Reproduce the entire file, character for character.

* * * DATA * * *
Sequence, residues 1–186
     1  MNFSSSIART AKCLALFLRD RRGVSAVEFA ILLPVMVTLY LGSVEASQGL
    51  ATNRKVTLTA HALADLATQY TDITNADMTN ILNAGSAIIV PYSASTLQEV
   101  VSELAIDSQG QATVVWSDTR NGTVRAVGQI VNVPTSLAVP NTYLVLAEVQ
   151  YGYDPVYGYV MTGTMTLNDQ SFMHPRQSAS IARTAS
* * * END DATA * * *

Sequence, residues 1–186
     1  MNFSSSIART AKCLALFLRD RRGVSAVEFA ILLPVMVTLY LGSVEASQGL
    51  ATNRKVTLTA HALADLATQY TDITNADMTN ILNAGSAIIV PYSASTLQEV
   101  VSELAIDSQG QATVVWSDTR NGTVRAVGQI VNVPTSLAVP NTYLVLAEVQ
   151  YGYDPVYGYV MTGTMTLNDQ SFMHPRQSAS IARTAS